For the mistakes you lay unto Mr. Harrington in the Greek, as, That the tribes in Lacedemon were pre-existent to the oracle, what maketh that to the purpose? And that the word obæ doth not signify lineages, you will harldly persuade, seeing Amyot, thought to be as good an interpreter of the Greek as Mr. Stubs, in rendring the oracle, hath these words, Aprez que tu auras divisé le peuple en ligniees. But I will not trouble the reader with foreign languages: things indisputable shall hereafter be brought for interpretation of the words you dispute at a dear rate, giving so much Greek for two-pence as you have made not worth an half-penny. Mr. Harrington states the commonwealth of Sparta thus;
Lycurgus instituted a senate eligible by the people for life, with right to debate and propose, and a popular assembly with power to resolve. To which he adds the place in Plutarch. Lycurgus having thus tempered the form of this commonwealth, it seemed nevertheless to them who came after, that the small number of thirty persons (and for life) whereof this senate consisted, was the cause of greater force and authority in the same than was convenient; for which cause to hold in this same senate, they (the people) gave them the senate, (as Plato saith) the curb, which was the power and authority of the ephori, magistrates created about one hundred and thirty years after the death of Lycurgus, in the time of king Theopompus, who to his wife reproaching him in disdain, that he must thus basely leave his kingdom less unto his successors, than he had received of his predecessors; made answer, That he should leave it greater, in regard that it would be more firm and durable.
Hereby it is apparent, when the senate upon these advantages of fewness and for life, began to propose perversely unto the people, then the people began to add, diminish, pervert, and evert what the senate proposed, that is, they began (as in like cases is unavoidable) to debate. And the people thus taking upon them to debate, Polydorus and Theopompus being kings, endeavoured to add unto the fundamental law, that if the people did not determine well, then the senators and the kings should stop the procedure. Hereupon, for the defence of their fundamental laws, the people erected the court of the ephori, consisting of annual magistrates chosen by and out of themselves, and with power to question any of their kings or senators upon their lives, that should go about to pervert those laws. Thus by this patch of the ephori, came that flaw in Sparta (wherewith Mr. Harrington for that reason proposing otherwise, is not concerned) to be amended. And this is the account he gives of that commonwealth, which you, perverting the whole story, go about to weigh otherwise.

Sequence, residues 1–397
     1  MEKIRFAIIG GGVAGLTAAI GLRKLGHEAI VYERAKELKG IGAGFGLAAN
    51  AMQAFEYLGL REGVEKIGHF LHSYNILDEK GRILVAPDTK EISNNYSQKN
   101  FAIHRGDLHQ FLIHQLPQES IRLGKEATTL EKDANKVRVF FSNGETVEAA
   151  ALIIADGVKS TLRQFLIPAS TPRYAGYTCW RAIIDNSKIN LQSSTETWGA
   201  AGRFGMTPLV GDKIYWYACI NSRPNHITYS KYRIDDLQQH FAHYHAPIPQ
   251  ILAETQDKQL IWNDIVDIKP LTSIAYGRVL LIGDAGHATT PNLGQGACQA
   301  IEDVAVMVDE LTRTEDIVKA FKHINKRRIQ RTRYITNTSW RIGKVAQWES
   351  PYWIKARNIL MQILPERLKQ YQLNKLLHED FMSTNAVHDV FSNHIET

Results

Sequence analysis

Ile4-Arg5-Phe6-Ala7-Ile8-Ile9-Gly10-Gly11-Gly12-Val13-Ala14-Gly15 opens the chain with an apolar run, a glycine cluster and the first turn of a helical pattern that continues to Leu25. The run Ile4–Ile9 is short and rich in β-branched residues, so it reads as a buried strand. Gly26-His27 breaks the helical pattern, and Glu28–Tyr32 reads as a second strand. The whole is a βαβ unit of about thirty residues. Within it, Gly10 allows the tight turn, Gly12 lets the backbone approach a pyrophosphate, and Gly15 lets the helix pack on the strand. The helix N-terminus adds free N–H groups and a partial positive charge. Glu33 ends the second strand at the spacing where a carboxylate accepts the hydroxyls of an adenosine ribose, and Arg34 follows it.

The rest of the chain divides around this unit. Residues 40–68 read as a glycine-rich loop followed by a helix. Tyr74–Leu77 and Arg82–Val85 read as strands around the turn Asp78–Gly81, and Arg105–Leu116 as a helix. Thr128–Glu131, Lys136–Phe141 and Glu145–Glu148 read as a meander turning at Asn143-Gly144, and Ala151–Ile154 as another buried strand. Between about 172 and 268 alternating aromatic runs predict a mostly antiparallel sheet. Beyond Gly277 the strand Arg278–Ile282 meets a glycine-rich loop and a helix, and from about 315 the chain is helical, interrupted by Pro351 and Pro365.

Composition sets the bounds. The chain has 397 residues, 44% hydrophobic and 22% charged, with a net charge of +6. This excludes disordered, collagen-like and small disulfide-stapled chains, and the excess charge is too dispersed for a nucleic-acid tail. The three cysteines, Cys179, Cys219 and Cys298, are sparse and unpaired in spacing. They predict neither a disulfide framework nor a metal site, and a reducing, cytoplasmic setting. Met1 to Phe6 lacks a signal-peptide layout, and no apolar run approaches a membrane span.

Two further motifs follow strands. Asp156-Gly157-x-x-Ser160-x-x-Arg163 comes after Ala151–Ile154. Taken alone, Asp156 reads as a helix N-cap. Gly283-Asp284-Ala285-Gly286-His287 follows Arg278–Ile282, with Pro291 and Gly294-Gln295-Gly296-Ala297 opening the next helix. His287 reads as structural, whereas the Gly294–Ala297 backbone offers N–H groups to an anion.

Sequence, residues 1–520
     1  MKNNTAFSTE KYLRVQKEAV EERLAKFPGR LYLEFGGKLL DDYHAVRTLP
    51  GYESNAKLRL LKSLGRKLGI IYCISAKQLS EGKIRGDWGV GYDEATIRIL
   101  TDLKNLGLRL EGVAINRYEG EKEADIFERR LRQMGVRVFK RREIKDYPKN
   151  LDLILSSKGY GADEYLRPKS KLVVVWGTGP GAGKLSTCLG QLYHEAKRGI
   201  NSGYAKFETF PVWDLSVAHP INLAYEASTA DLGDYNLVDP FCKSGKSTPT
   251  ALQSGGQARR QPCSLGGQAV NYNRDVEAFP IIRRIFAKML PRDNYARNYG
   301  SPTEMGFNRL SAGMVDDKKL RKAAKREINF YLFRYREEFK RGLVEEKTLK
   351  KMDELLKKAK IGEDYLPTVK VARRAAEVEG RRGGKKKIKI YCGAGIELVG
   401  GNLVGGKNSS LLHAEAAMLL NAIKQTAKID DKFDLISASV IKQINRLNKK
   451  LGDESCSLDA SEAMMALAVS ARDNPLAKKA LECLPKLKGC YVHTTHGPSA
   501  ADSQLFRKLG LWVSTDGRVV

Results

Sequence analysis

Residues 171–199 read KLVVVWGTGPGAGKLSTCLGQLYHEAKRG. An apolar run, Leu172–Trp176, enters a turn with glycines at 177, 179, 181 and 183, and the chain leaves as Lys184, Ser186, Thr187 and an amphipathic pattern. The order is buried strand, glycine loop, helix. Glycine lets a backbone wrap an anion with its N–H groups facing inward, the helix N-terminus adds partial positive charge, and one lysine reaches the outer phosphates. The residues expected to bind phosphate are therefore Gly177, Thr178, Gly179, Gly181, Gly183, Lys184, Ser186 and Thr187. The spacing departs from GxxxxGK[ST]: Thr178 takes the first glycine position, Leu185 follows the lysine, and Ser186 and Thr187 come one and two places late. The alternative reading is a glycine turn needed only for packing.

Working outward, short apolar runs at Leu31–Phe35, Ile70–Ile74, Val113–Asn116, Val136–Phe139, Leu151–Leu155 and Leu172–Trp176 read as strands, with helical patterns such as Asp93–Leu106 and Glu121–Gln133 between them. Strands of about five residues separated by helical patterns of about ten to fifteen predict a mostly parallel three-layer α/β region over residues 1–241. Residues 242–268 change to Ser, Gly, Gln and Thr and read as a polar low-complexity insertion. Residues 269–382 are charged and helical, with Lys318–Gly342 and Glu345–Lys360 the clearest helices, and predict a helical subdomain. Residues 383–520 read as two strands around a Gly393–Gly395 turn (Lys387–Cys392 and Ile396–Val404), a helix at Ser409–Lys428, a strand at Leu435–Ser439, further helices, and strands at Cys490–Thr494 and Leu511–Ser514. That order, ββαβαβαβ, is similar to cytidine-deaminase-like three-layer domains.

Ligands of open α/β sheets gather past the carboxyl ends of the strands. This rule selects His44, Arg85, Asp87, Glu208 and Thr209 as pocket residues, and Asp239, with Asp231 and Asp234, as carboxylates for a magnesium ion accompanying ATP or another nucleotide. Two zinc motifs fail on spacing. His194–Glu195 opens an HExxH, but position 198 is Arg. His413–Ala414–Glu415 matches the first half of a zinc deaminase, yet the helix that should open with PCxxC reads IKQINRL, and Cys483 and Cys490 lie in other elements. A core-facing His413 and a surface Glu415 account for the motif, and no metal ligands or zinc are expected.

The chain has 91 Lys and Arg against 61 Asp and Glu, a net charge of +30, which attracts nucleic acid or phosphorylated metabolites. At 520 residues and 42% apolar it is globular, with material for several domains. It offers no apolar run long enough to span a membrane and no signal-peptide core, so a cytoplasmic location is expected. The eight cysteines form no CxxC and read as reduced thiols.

1. Inferring that the people were guilty of those miscarriages, which it is plain proceeded from the senate, and were rectified by the people, in the institution of that curb upon the senate (as is plainly shewn by Plutarch) in the institution of the ephori.
2. You infer from you know not what, that the senate had a negative vote, and yet confess that the people had no right to debate. Whereas to leave words or canting, (for your Greek, as you use it, amounts to no more) and come as I said to the undeniable testimony of things or of sense; if the popular assembly had no right to debate, how should the senate have a negative? or if the popular assembly had right to the result only, then who but themselves could have the negative? Contra rationem nemo sobrius, contra experientiam nemo sanus. For that which you alledge out of Demosthenes, as that he calleth the senate of Sparta lords of the people, it can (considering the nature of this commonwealth, which Isocrates to the Areopagites affirms to be popular) be no otherwise understood, than as they who have the like function, I mean of debating and proposing unto the parliament in Scotland, are called lords of the articles. Lord in this sense, as you (in great letters setting a mark upon your ignorance, and not interpreting your text) would imply, doth not signify sovereign, for neither are the lords of the articles sovereign, nor doth Demosthenes affirm that of the senate of Sparta. But where the proposers are few, and for life, as in Lacedemon, and as the greater nobility or officers in Scotland, they may in some sense be called lords of the people, though not they, but the people have the result.
To conclude, Mr. Harrington hath long since shewed, that among the Greeks, the words oligarchy and democracy, were understood in such manner, that where the popular assembly had the result only, there the commonwealth was sometimes called oligarchy, especially if the proposing council consisted of few, and for life, as in Sparta; and where the people had not only the result but debate also, that was called democracy, as in Athens. Hence that an oligarchist in your sense, or one that hath endeavoured to make helots and Gibeonites, or servants of such as are now his lords and masters, is no ideot, there is no consequence, even for what hath happened in our days. Quid verba audio, cum facta videam? &c.
March 6. 1659.